Traffic Accident Deaths Still Up

October 16, 2017 by

Traffic accident deaths in the U.S. continue to rise, even while deaths related to distracted driving decline. The number of vehicle miles traveled on U.S. roads in 2016 increased by 2.2 percent, producing a fatality rate of 1.18 deaths per 100 million vehicle miles traveled (VMT) – a 2.6-percent increase from the previous year, according to the latest overview and analysis from the National Highway Traffic Safety Administration.

There were 37,461 lives lost on U.S. roads in 2016, an increase of 5.6 percent from calendar year 2015, according to NHTSA data, which was collected from all 50 states and the District of Columbia.

The 5.6-percent increase from 2015 to 2016 is down from the 8.4-percent increase from 2014 to 2015.

NHTSA found that distracted driving and drowsy driving fatalities declined, while deaths related to other reckless behaviors – including speeding, alcohol impairment, and not wearing seat belts – continued to increase. The number of fatalities in distraction affected crashes decreased by 2.2 percent from 3,526 in 2015 to 3,450 in 2016. Fatalities in distraction affected crashes were 9.2 percent of total fatalities in 2016.

The number of fatalities involving a drowsy driver decreased by 3.5 percent from 832 in 2015 to 803 in 2016. Fatalities involving a drowsy driver were 2.1 percent of total fatalities in 2016.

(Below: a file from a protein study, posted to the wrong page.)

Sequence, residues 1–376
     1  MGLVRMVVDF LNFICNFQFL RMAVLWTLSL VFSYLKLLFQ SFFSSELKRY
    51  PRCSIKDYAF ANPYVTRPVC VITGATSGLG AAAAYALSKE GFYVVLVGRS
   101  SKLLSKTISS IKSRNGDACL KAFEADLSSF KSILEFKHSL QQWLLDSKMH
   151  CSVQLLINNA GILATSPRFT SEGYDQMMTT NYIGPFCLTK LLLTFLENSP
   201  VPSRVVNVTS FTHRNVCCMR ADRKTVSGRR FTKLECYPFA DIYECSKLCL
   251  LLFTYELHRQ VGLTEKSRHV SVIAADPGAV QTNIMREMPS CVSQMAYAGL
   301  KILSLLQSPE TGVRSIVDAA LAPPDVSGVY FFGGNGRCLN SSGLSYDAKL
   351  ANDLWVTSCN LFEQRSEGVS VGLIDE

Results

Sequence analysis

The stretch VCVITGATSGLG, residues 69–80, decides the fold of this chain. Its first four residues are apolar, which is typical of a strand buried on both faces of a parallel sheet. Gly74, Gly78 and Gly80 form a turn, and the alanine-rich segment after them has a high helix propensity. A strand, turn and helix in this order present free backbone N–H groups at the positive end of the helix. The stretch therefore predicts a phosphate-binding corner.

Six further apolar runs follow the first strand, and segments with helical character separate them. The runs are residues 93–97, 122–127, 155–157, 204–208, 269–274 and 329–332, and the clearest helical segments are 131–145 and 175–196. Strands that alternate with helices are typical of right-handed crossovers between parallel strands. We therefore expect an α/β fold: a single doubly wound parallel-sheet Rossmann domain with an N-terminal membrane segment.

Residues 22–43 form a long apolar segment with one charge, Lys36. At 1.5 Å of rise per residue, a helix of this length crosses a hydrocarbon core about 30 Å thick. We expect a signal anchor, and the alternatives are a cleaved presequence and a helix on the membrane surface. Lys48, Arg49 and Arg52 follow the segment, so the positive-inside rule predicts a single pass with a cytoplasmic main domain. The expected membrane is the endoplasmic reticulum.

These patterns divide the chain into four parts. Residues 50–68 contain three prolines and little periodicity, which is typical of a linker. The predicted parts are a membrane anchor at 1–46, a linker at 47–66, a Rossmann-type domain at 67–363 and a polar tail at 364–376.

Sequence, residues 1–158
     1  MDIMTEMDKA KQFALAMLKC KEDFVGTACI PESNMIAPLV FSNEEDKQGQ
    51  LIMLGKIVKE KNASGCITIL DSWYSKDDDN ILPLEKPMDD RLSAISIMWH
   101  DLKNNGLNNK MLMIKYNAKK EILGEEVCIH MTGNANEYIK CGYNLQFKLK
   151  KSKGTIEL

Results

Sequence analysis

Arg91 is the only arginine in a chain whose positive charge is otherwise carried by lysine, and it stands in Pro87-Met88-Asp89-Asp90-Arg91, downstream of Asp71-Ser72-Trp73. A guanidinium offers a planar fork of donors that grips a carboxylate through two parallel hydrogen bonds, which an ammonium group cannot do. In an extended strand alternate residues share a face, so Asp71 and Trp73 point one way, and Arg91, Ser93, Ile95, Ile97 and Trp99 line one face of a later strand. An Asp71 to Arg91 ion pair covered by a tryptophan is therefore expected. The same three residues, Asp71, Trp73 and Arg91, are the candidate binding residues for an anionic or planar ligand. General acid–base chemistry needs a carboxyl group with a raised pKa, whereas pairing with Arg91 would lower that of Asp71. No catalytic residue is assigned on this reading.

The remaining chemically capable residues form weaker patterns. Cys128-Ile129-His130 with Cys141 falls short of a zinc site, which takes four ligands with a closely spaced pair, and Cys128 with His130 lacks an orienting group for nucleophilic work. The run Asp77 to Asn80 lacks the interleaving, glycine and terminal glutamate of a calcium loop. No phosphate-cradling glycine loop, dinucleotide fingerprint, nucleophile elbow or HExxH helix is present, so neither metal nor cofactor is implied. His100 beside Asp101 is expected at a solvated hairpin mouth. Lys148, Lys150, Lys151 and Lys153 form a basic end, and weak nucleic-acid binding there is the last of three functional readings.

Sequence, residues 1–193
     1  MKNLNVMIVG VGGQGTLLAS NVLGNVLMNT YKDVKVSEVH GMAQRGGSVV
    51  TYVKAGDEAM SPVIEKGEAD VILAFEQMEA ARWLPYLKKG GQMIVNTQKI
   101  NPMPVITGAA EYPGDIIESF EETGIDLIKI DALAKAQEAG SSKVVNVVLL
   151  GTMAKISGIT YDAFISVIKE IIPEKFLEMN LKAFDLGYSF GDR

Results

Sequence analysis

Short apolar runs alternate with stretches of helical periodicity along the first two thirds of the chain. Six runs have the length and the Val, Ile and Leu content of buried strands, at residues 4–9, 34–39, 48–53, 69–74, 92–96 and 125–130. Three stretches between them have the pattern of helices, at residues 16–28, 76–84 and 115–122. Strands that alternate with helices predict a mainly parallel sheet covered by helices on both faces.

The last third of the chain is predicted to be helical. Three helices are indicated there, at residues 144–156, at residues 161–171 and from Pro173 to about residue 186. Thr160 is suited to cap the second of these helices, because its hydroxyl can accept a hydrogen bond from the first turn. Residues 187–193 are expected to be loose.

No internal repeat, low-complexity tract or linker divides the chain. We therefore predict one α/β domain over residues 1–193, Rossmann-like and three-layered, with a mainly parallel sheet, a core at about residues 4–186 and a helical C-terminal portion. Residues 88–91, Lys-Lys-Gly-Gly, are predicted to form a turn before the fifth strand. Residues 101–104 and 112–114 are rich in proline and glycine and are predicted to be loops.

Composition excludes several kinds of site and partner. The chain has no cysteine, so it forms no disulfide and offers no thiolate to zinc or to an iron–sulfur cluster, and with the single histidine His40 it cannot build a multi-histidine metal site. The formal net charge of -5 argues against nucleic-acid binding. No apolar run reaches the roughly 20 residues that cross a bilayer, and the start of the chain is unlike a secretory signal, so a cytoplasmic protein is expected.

Motorcyclist and pedestrian deaths accounted for more than a third of the year-to-year increase. There were 11.5 times as many unhelmeted motorcyclist fatalities in states without universal helmet laws (1,923 unhelmeted fatalities) as in states with universal helmet laws (166 unhelmeted fatalities) in 2016.

The 2016 national data shows that:

  • Distraction-related deaths (3,450 fatalities) decreased by 2.2 percent;
  • Drowsy-driving deaths (803 fatalities) decreased by 3.5 percent;
  • Drunk-driving deaths (10,497 fatalities) increased by 1.7 perĀ­cent;
  • Speeding-related deaths (10,111 fatalities) increased by 4.0 percent;
  • Unbelted deaths (10,428 fatalities) increased by 4.6 percent;
  • Motorcyclist deaths (5,286 fatalities – the largest number of motorcyclist fatalities since 2008) increased by 5.1 percent;
  • Pedestrian deaths (5,987 fatalities – the highest number since 1990) increased by 9.0 percent; and
  • Bicyclist deaths (840 fatalities – the highest number since 1991) increased by 1.3 percent.